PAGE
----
Death penalty to be considered in Schenecker trial

Julie Schenecker accused of killing teen children

TAMPA - New developments in the case against a Tampa mother accused of killing her two teenage children in 2011.

A motion hearing Friday morning only took about an hour and a half of the allotted four hour time frame.  Two important questions were answered for the upcoming trial of Julie Schenecker, charged with two counts of first degree murder.  

The defense argued that seeking the death penalty in the case would be unconstitutional, citing a court case from years ago. 

Hillsborough Circuit Court Judge Bennett Battles sided with state prosecutor Stephen Udagawa, that it is constitutional.  Florida is one of two states that acknowledges the death penalty as constitutional, according to the judge.

"In light of the fact that the Florida supreme court has found that the death penalty scheme to be constitutional," said Judge Battles.

Schenecker, 52, sat quietly in front of Judge Battles during the hearing.  The only sound coming from her side of the table was the occasional noise from her shackled wrists and ankles.  She took a few glances back to her Mom and Dad seated one row behind her in the courtroom.

She's accused of killing her children, Beau, 13, and his sister Calyx, 16, in their New Tampa home on January 28, 2011.  A call from a concerned, out-of-state relative prompted Tampa Police to make a trip to the house.  It was that morning they made the horrific discovery.  Beau's body in the garage and his sister's in an upstairs bedroom.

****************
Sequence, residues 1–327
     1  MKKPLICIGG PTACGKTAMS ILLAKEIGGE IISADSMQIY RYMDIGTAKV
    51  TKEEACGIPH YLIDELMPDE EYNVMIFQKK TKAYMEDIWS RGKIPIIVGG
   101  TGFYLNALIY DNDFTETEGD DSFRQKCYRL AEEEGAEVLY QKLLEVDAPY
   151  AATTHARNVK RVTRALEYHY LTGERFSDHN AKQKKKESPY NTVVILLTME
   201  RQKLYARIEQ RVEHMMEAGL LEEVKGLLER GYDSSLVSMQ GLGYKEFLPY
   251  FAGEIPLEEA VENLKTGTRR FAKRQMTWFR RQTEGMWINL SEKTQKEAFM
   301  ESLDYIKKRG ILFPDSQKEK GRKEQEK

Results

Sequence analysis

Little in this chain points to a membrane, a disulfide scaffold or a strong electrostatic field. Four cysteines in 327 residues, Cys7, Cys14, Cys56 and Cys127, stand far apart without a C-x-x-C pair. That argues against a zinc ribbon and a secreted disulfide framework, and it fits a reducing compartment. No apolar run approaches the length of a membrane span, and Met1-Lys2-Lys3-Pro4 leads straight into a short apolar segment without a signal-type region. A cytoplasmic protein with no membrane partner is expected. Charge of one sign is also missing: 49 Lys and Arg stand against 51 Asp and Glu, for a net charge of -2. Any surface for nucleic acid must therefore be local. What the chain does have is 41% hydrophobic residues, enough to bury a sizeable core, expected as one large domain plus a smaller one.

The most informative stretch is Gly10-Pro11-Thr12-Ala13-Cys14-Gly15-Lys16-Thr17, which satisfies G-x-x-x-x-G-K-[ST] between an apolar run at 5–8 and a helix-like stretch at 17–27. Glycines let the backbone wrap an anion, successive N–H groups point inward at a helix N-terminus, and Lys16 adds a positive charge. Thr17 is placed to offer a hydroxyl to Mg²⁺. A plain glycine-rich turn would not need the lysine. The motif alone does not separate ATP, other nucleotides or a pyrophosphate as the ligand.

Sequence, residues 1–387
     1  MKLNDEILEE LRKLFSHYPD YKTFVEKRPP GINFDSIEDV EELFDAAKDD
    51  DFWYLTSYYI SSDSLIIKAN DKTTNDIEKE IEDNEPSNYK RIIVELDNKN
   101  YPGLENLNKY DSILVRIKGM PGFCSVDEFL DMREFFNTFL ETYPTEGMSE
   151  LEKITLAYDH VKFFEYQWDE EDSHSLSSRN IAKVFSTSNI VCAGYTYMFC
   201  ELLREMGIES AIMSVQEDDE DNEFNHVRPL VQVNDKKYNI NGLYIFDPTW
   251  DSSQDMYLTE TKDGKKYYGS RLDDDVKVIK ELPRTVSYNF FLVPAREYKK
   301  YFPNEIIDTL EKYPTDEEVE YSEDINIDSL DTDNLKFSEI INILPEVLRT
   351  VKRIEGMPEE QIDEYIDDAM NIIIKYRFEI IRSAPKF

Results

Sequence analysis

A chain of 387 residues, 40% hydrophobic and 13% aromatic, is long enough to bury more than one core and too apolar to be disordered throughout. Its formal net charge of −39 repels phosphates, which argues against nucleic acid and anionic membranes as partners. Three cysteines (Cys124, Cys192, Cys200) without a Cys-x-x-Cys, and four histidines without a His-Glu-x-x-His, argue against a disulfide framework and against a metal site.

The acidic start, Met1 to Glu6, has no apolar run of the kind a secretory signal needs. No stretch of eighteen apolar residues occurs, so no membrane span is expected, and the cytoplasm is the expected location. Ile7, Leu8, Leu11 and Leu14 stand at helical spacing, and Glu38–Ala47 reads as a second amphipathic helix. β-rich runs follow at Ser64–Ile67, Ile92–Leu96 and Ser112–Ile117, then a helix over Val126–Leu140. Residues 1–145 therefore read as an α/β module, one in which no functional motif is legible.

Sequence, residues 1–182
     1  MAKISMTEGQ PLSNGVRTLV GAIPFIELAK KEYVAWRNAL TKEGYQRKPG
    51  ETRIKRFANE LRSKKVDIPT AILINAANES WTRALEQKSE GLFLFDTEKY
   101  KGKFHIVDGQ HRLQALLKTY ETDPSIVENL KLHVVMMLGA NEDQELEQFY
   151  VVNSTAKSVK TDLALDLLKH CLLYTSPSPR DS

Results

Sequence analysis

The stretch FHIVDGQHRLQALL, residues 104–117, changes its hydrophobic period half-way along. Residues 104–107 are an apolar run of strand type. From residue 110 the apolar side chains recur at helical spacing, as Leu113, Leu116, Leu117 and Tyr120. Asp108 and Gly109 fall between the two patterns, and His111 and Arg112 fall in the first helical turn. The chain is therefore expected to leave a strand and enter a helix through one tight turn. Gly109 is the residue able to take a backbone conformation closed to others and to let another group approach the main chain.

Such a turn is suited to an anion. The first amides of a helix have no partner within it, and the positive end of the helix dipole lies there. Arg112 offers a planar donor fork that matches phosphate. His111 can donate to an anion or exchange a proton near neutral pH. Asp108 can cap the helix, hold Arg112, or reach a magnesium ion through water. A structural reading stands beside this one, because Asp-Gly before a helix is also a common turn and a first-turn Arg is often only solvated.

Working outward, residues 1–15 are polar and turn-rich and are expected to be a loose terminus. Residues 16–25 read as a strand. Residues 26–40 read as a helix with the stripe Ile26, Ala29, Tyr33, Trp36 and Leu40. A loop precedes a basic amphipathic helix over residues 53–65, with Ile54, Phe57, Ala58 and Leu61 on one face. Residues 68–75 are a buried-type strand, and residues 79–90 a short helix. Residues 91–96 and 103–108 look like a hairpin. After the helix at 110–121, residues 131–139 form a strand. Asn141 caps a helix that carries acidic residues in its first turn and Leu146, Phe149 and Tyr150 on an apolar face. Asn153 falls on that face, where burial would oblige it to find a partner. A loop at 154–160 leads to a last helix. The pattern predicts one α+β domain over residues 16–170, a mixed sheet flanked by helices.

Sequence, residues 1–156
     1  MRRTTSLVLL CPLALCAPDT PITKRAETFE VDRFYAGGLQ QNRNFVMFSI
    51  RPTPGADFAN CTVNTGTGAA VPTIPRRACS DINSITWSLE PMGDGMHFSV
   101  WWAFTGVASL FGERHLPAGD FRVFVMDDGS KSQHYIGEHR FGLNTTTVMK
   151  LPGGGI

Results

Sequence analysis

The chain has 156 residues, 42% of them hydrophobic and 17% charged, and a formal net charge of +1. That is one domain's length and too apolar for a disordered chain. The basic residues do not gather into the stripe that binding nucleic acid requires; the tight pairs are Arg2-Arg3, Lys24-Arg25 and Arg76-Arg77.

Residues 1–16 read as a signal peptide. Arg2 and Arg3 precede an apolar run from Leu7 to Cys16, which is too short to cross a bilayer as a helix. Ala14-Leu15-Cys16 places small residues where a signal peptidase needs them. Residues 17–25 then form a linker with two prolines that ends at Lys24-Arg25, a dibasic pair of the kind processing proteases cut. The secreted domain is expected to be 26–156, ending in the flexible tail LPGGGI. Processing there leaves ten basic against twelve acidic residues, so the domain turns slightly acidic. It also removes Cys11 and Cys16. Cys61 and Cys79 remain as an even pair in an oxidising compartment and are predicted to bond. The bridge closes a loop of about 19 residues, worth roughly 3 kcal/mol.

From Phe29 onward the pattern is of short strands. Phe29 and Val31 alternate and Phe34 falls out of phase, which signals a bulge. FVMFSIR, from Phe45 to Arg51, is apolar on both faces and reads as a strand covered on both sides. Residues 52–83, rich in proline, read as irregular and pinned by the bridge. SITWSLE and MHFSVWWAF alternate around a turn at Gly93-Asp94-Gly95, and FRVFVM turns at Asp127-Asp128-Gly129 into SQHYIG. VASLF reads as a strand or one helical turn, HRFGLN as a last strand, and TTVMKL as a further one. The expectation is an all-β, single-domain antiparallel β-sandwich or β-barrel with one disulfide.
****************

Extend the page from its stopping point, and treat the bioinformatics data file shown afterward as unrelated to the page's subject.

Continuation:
Also decided in Friday's hearing, if testimony from a neighbor would be allowed at the trial.  The neighbor said in previous pre-trial interviews that before the murders, Schenecker said, "I want to kill her."  The statement was made several months before the murders in reference to her daughter, according to the neighbor.  

The state acknowledged that in the time leading up to the murders, both Calyx and Beau were displaying behavioral issues.  Recently released emails from Schenecker revealed her thoughts about sending Beau away to boarding school.  Issues from both teens seemed to continued to mount.  

"Now the fact that this defendant makes a statement well in advance of the murder also could go to the issue of sanity," explained the State.  "That this is something that's already in her mind.  That she's already thinking about it," said Battles.

In the end, Judge Battles said he would allow the neighbor's testimony.

"The state has made the case that this is relevant in the case on issues of premeditation, motive and intent in the relationship between the defendant and the victim," said Judge Battles.

In emails obtained by the courts, sent before the murders, it was clear Schenecker was also having problems with her husband. 

In 55 pages of personal emails, Colonel Parker Schenecker, who is a military intelligence officer, says his wife refused to get help and her bi-polar disorder only got worse over their nearly 20-year marriage.

Her trial is scheduled to start Monday, April 28.
 

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